What is npm?
Who uses npm?
Why developers like npm?
Here are some stack decisions, common use cases and reviews by companies and developers who chose npm in their tech stack.
So when starting a new project you generally have your go to tools to get your site up and running locally, and some scripts to build out a production version of your site. Create React App is great for that, however for my projects I feel as though there is to much bloat in Create React App and if I use it, then I'm tied to React, which I love but if I want to switch it up to Vue or something I want that flexibility.
So to start everything up and running I clone my personal Webpack boilerplate - This is still in Webpack 3, and does need some updating but gets the job done for now. So given the name of the repo you may have guessed that yes I am using Webpack as my bundler I use Webpack because it is so powerful, and even though it has a steep learning curve once you get it, its amazing.
The next thing I do is make sure my machine has Node.js configured and the right version installed then run Yarn. I decided to use Yarn because when I was building out this project npm had some shortcomings such as no
.lock file. I could probably move from Yarn to npm but I don't really see any point really.
I use Babel to transpile all of my #ES6 to #ES5 so the browser can read it, I love Babel and to be honest haven't looked up any other transpilers because Babel is amazing.
Finally when developing I have Prettier setup to make sure all my code is clean and uniform across all my JS files, and ESLint to make sure I catch any errors or code that could be optimized.
I'm really happy with this stack for my local env setup, and I'll probably stick with it for a while.
Our CLI was originally written Node.js with npm , 2 years ago. We have now migrated to Go !
It was something we quickly hacked together at the early beginnings of Uilicious when our focus was to move fast and iterate the product quickly. We wanted to roll out the CLI ASAP, so that users with a CI/CD can hook up their tests to their front-end deployment pipeline.
However after 2 years, with NPM dependency hell pains - We decided to migrate our CLI toolchain to Go for
- Zero deployment dependencies
- Single file distribution (and backwards compatible with NPM)
Happy with how it is : article covers the decision in much deeper details
#PackageManagers After a long time where npm failed to install packages and lot's of googling on answers, we switched to Yarn and alomost all those problems where solved. Today i mostly use "yarn add" instead of "npm install --save".
At Epsagon, we use hundreds of AWS Lambda functions, most of them are written in Python, and the Serverless Framework to pack and deploy them. One of the issues we've encountered is the difficulty to package external libraries into the Lambda environment using the Serverless Framework. This limitation is probably by design since the external code your Lambda needs can be usually included with a package manager.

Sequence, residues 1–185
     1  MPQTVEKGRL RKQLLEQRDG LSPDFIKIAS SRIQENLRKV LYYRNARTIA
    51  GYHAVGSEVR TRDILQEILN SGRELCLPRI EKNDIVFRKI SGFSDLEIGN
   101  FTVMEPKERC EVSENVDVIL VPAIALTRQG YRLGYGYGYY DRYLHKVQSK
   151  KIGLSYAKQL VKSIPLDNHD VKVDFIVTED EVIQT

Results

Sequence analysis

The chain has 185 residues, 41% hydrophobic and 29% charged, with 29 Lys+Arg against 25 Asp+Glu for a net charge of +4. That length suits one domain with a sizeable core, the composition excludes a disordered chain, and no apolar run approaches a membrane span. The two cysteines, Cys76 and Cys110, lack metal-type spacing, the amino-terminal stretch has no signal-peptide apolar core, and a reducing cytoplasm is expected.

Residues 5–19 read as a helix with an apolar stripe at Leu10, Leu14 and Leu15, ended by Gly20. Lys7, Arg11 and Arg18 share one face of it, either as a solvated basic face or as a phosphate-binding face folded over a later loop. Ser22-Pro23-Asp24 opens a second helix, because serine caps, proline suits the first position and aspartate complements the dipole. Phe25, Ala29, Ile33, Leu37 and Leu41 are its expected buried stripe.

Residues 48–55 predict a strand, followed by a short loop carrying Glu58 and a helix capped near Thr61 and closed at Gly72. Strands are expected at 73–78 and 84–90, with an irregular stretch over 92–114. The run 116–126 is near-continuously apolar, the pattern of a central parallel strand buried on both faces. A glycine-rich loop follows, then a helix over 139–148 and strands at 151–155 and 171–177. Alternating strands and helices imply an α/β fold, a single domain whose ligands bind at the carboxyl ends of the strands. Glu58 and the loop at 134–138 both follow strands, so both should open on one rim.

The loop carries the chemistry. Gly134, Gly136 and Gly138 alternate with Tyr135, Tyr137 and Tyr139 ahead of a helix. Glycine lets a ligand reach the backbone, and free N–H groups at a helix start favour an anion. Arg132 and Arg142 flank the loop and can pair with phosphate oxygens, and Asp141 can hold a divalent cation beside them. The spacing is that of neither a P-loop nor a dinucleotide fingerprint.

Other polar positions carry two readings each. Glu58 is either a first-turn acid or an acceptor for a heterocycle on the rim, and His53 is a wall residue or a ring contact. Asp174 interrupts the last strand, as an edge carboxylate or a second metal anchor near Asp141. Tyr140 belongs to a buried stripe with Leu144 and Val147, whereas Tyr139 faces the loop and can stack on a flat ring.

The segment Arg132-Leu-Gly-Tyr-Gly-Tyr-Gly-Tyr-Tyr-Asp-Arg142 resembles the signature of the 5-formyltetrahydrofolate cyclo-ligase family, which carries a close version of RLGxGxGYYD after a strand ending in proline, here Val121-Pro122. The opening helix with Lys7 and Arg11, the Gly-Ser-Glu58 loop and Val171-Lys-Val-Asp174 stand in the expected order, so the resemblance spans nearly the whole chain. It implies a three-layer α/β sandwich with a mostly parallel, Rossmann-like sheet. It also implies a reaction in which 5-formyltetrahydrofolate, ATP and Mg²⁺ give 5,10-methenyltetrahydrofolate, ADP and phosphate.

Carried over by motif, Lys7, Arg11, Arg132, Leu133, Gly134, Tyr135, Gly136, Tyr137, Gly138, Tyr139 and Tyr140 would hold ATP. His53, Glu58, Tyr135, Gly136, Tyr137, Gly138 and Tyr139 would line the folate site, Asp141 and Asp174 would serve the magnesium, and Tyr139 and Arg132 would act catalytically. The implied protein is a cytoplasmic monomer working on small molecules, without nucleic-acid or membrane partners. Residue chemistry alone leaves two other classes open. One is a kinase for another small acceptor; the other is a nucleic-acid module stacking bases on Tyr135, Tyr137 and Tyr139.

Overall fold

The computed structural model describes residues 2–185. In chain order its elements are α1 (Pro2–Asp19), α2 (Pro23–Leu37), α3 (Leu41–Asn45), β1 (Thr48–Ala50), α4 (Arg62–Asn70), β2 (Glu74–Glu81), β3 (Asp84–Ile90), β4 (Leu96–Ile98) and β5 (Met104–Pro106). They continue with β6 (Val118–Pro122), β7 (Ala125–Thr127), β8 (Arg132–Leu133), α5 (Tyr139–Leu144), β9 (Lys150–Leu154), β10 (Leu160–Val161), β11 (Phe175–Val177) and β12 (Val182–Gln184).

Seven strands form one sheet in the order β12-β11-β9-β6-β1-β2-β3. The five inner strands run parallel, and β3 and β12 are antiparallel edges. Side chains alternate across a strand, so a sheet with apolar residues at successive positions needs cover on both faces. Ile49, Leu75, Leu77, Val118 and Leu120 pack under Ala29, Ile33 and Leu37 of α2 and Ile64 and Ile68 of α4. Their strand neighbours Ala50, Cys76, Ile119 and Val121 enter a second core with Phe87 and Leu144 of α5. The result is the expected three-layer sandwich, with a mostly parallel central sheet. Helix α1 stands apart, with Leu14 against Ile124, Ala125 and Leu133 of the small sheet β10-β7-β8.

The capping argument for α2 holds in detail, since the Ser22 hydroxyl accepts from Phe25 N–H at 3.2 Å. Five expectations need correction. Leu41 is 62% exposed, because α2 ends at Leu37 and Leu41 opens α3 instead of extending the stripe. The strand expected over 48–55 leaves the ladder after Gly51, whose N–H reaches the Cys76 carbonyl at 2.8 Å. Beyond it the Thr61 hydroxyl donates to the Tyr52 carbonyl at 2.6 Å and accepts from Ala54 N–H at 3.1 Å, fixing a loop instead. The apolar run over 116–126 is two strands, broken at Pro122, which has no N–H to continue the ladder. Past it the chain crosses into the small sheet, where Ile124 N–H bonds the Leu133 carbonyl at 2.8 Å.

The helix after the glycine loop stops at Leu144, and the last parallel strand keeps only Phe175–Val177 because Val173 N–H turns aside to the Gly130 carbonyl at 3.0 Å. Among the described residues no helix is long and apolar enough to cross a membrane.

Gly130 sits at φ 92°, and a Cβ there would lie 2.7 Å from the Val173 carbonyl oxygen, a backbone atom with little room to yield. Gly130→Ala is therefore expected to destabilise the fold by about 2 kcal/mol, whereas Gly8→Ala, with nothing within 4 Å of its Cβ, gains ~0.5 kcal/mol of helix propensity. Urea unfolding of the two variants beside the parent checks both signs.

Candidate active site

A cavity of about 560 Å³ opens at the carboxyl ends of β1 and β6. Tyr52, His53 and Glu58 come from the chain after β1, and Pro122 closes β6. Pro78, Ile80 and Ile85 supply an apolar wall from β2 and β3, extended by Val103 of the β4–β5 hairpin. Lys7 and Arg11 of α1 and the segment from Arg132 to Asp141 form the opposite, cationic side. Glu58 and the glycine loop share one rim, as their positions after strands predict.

In order to overcome this issue, we've developed a tool, which we also published as open-source (see link below), which automatically packs these libraries using a simple npm package and a YAML configuration file. Support for Node.js, Go, and Java will be available soon.
The GitHub respoitory: https://github.com/epsagon/serverless-package-external
We're using Git through GitHub for public repositories and GitLab for our private repositories due to its easy to use features. Docker and Kubernetes are a must have for our highly scalable infrastructure complimented by HAProxy with Varnish in front of it. We are using a lot of npm and Visual Studio Code in our development sessions.
At Compass, we’re big proponents of using NPM and semver (semantic versioning) when distributing our shared components as packages. NPM provides us with an industry-standard platform to publish our internal dependencies. The tools and technologies someone learns while working on a package at Compass are the same ones they’ll use in projects in the open source community. Meanwhile, semantic versioning itself plays a huge role in providing peace of mind. Users of shared components know when updates are safe enough to upgrade to, and component authors can make big updates without the fear of silently breaking the contracts they’ve made with their users. We wanted to build out a way to provide these same benefits to more than just JS libraries, and we ended up creating a lightning-fast form of semantic versioning for our CSS implementation that utilized Lambda@Edge, NPM, and some clever work by our engineers.
AWS Lambda Amazon CloudFront npm #lambdaatedge #semver #serverless